06/28/2012 06:23 pm ET

Fred Lempe, Father Of Comatose Patient, Fighting To Keep Guardianship Of Son

A North Carolina man is fighting a hospital to keep legal guardianship of his son.

Freddie Lempe, 18, of Smithfield, North Carolina, has been in a hospital bed ever since he suffered a severe brain injury during a March 2011 car accident. Now, his hospital is filing a suit to transfer guardianship away from his father, ABC News reports (h/t The Daily Mail). Fred Lempe failed to submit the paperwork required to prolong his son’s Medicaid coverage after he turned 18, according to the court documents. The cost of care already appears to have totalled $2 million to $4 million, WRAL reports .

WakeMed Hospital, where Lempe is staying, is pushing for the courts to appoint an outside attorney or caregiver agency, a spokesperson told The Huffington Post.

"The intent of the guardianship request is to secure Medicaid coverage for which we believe Freddie is eligible," she was quoted as telling the ABC News.

Lempe's father -- who hospital staff call Nurse Lempe due to his devotion, according to the Pray4Freddie Facebook page -- claims that the Johnston County Department of Social Services gave him false information about extending the coverage. He said he fears that losing guardianship would put his ability to make decisions about his son’s medical care in jeopardy, according to his attorney Marcia Stewart.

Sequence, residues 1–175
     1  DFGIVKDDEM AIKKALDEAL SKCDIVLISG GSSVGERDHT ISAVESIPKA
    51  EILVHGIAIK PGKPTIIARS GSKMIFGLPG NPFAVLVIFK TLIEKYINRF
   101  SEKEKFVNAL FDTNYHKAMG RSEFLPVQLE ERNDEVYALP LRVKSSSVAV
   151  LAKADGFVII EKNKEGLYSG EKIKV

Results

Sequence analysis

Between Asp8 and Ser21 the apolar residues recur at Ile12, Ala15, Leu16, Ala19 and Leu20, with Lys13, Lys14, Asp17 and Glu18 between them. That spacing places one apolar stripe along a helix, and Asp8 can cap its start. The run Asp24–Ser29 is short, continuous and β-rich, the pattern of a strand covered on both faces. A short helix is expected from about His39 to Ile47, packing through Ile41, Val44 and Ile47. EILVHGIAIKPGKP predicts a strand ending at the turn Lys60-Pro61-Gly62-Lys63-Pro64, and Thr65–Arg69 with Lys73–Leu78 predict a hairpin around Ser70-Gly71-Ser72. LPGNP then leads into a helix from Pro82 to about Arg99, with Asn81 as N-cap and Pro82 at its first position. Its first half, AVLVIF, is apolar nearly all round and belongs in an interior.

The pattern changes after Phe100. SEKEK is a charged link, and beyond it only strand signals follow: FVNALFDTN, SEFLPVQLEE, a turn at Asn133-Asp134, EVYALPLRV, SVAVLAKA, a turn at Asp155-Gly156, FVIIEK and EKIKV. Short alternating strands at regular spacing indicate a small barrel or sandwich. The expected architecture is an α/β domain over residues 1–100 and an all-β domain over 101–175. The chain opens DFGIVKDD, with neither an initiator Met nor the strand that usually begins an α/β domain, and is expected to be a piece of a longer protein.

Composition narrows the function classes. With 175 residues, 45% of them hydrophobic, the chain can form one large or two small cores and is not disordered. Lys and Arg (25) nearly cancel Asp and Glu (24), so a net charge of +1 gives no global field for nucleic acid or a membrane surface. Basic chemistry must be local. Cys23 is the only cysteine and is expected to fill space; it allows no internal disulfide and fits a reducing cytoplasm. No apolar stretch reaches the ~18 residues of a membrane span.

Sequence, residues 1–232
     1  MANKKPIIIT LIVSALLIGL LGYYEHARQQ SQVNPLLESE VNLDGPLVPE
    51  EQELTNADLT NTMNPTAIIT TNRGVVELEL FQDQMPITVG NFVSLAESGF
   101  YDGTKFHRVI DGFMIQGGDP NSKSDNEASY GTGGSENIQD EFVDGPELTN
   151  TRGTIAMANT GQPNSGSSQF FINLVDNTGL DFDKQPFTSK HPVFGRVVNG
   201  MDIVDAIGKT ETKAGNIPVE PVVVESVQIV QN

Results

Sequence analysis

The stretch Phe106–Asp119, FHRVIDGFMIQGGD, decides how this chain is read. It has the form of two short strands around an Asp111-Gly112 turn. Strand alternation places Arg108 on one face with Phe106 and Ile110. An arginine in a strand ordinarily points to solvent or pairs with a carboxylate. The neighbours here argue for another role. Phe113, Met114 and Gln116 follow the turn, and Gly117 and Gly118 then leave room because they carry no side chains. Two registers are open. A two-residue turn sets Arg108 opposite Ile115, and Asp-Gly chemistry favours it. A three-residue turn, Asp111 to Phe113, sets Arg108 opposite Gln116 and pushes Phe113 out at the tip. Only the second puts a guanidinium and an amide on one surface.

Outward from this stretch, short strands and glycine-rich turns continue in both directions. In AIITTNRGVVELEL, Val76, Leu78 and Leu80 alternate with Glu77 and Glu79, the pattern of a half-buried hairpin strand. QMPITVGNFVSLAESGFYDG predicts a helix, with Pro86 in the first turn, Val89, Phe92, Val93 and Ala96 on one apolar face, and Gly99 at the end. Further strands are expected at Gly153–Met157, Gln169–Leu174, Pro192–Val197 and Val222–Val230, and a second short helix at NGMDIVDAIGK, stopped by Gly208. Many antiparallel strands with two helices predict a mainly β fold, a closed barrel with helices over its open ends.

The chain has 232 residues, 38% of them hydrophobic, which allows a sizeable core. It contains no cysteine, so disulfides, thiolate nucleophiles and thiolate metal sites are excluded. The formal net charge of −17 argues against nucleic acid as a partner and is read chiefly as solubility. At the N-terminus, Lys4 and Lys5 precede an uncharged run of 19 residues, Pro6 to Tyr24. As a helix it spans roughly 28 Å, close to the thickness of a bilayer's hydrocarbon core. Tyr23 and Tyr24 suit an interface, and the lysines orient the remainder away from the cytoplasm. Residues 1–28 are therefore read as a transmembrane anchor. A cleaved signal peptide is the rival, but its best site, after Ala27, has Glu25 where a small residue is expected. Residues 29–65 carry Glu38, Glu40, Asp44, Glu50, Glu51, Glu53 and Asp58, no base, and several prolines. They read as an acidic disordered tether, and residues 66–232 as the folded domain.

A judge ruled this week that the father has until July 25th to get his Medicaid paperwork together before guardianship could potentially be transferred, according to ABC News.

Guardianship cases initiated by hospitals are rare. More common are fights between caregivers and family members. In El Paso, Texas, one father is fighting for the guardianship of his 29-year-old institutionalized son, after he was transferred without notification, the El Paso Times reports. The hospital claims that the son became violent and sexually aggressive.

Far more common are disputes over medical bills, which can have far reaching ramifications. About 60 percent of Americans who file for bankruptcy do so because of medical expenses and, as a result, many have tried to find unique ways to pay them off. Drew Cox, 6, raised $10,000 to pay for his Dad’s medical expenses by selling lemonade in April. Others, including the Lempes who now have a YouTube account, build awareness via the internet.



See photos of Freddie Lempe from the Pray4Freddie Facebook page below:

Hospital Sues For Guardianship In $4 million Health Care Bill Case
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